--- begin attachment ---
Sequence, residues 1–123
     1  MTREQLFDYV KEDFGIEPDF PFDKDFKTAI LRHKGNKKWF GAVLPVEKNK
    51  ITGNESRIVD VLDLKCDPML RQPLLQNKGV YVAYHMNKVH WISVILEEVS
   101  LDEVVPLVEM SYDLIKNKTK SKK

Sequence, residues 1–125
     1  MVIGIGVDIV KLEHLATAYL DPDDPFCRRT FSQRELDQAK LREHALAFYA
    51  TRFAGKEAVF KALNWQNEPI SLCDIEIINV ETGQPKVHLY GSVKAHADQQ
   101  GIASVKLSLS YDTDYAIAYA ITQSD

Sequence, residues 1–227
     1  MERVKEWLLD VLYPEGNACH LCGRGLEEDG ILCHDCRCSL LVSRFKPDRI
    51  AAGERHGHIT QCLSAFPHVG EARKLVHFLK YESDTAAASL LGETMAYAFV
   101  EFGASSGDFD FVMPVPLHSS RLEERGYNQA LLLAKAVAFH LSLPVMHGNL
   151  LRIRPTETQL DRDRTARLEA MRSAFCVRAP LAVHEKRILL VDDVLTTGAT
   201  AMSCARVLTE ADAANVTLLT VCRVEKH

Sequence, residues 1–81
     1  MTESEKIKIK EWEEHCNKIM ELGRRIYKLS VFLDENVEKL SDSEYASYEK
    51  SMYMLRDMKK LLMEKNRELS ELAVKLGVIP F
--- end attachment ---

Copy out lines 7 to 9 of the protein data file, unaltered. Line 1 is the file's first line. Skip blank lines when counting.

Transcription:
    51  TRFAGKEAVF KALNWQNEPI SLCDIEIINV ETGQPKVHLY GSVKAHADQQ
   101  GIASVKLSLS YDTDYAIAYA ITQSD

Sequence, residues 1–227